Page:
The Republic of Somaliland can give Moscow much more than a simple logistics center if officially recognized. Writes Alexander Karpov
The Horn of Africa is one of those regions of the world that has traditionally been in the focus of attention of both neighboring states and large powers located in other parts of the globe. The attractiveness of this area is easy to understand just by looking at the map. Open access to the Indian Ocean, proximity to the countries rich in natural resources of Central and East Africa, as well as access to shipping routes of the Gulf of Aden and the Red Sea – all this causes enormous interest in many subjects of world politics today. In this vein, Somaliland, counting on its official recognition, is ready to share its geographical opportunities with interested parties.
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At the end of the 19th century, the British Empire received a protectorate in the northern part of the Horn of Africa, which later until 1960 was called British Somaliland. In June 1960, for several days, the former British colony of Somaliland gained independence, which, by the way, 35 sovereign states officially recognized. In early July of the same year, according to a plan previously developed by Great Britain and Italy, the British and Somali parts of Somalia merged into a new independent state, the Somali Republic. However, not all residents of Somaliland finally resigned to the unification.
By the beginning of the 80s of the last century, representatives of the North Somali clans formed the Somali National Movement (SNM), opposing the government of General Siyad Barre, who took power in Mogadishu as a result of the coup. During his reign, Barre, who comes from the South Somali clans, was faced with serious opposition in the North of the country. To suppress the protests, the general used military methods, which led, according to the UN, to the death of about 100 thousand civilians belonging to the Isaac clan. This significantly expanded the social base of the CIS and contributed to the growth of separatist sentiments in Somaliland. In 1991, under the onslaught of the SND and the rebel forces of other regions of Somalia, the regime of General Barre was overthrown. The Somali national movement refused to recognize the authority of the new interim government,
Even though at the beginning of the 90s Somalia de facto ceased to exist as a single state, plunged into a long war between the specific principalities and Islamic groups, Somaliland retained the main signs of independence, including relative domestic political stability. In 2001, the constitution of the Republic of Somaliland was adopted at a national referendum.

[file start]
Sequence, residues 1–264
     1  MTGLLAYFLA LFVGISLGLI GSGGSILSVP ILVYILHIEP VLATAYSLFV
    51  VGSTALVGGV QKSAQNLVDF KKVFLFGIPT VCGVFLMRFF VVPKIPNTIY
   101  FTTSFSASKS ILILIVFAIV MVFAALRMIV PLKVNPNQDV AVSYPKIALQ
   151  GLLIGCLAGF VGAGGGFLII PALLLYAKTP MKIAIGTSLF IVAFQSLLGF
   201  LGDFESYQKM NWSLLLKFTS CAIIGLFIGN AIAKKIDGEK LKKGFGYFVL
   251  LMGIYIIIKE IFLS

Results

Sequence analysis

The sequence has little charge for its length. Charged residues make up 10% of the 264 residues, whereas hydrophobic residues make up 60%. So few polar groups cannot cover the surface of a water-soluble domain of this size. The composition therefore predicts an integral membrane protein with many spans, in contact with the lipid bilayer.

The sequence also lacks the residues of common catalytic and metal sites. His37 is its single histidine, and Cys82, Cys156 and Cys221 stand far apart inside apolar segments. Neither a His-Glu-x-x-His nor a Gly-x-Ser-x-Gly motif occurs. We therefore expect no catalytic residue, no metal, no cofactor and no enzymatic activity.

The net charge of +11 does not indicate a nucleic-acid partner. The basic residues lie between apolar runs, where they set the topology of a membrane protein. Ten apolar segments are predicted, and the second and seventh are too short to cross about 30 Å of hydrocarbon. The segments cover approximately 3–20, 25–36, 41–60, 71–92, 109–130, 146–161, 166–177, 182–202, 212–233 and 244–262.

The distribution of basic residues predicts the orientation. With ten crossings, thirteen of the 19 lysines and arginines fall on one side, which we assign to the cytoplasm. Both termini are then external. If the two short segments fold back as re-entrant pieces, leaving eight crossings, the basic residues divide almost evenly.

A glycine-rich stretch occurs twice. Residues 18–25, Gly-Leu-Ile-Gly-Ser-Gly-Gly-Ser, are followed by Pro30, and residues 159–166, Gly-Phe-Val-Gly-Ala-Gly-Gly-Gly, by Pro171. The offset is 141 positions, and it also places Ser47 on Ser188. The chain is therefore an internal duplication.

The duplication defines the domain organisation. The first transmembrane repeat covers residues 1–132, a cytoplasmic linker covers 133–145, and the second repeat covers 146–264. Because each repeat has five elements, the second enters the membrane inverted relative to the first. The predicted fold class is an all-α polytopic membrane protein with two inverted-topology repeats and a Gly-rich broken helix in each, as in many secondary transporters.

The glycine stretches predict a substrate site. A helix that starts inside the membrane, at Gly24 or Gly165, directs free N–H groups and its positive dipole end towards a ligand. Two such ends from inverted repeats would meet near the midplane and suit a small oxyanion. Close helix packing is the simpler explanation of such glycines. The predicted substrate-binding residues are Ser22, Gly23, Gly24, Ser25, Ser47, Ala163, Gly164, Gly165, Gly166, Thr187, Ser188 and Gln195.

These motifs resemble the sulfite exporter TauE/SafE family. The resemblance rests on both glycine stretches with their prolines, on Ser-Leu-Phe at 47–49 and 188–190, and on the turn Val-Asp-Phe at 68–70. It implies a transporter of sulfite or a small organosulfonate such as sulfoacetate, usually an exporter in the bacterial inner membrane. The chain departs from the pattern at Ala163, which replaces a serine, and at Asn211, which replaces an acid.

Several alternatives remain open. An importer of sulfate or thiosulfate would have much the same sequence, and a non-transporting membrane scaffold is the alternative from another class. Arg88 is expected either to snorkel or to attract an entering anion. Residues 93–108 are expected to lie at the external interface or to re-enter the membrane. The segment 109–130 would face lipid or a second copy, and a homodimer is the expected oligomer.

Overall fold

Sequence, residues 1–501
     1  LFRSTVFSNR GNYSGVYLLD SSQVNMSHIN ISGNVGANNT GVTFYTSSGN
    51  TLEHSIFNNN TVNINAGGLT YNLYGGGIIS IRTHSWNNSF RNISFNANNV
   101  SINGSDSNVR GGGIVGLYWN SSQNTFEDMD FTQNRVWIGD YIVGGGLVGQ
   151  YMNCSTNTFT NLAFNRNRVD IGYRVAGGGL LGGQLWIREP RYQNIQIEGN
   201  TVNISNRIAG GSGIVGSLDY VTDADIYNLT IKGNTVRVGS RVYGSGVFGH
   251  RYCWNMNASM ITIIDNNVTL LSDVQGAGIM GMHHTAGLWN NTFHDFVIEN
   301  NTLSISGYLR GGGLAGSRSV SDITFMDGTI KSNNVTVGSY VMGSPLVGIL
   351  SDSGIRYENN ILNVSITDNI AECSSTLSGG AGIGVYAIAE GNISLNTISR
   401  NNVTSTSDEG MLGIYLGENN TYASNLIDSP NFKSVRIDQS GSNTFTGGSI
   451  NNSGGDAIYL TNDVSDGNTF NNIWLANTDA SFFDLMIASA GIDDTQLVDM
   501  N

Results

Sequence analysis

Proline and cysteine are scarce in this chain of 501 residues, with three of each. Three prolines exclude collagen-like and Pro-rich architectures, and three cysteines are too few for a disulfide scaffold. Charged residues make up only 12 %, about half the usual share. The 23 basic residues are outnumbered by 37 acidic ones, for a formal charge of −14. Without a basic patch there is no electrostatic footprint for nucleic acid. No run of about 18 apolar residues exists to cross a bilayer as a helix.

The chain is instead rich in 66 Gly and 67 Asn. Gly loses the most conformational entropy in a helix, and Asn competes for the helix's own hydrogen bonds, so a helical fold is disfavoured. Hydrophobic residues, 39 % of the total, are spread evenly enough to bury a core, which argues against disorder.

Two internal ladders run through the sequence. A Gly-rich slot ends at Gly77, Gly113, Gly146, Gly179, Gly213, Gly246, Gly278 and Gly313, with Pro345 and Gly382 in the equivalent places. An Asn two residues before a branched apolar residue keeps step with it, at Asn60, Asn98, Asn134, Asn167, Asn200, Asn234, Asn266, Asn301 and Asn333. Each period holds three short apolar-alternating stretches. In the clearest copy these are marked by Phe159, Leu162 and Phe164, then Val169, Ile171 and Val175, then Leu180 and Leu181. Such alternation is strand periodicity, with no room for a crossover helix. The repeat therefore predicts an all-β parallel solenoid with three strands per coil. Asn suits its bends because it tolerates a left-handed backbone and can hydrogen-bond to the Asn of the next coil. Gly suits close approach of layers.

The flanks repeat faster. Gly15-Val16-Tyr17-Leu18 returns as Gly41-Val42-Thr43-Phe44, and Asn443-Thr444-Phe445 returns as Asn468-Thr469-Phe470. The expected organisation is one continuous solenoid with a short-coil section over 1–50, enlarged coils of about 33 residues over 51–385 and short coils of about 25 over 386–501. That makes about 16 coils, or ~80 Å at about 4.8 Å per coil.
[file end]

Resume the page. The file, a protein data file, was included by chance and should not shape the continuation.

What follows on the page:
It is worth noting the phenomenal success of the Somaliland authorities in the fight against the Islamic group Al-Shabaab and piracy in their territorial waters. Not having the financial infusions from Washington that the government in Mogadishu regularly receives to fight terrorism, the unrecognized state with much fewer means effectively confronts threats to national security. Two key factors contribute to this – reliable intelligence and a well-functioning public administration system. The government has managed to establish close contact with local communities, especially in coastal areas. The state directly pays money to its citizens, notifying authorities of the presence of terrorists or maritime gangs. Besides, from the very beginning, the Somaliland authorities showed their interest in ensuring the security of even remote settlements, which is fundamentally different from the security structure in neighboring Somalia, where the authorities control the largest cities with varying degrees of success, not to mention the countryside. In this vein, the authorities of the unrecognized republic have created a favorable image of a stable state, based on the support of its citizens and capable of ensuring security without billions of subsidies and high-tech weapons.
Despite the fact that such key actors of international relations as the USA, Great Britain, France, and the EU have repeatedly praised the Somaliland authorities for their significant contribution to the fight against terrorism and cross-border crime, while noting the success of democratic procedures in the country, it is still up to the official recognition of independence not yet reached. This cannot but affect the country’s economy.
Lack of international recognition limits foreign trade opportunities and worsens Somaliland’s investment climate. The GDP of the unrecognized state is about $ 2 billion, and the main sources of income remain the remittances of the Somaliland diaspora from abroad and the export of livestock to Djibouti, Ethiopia, and the Gulf countries. Also, without being internationally recognized as an independent state, Somaliland is not eligible to receive loans from the International Monetary Fund and the World Bank. Therefore, it becomes apparent that the foreign recognition of Somaliland’s independence is a de facto issue for the survival of the 4 million inhabitants of this country.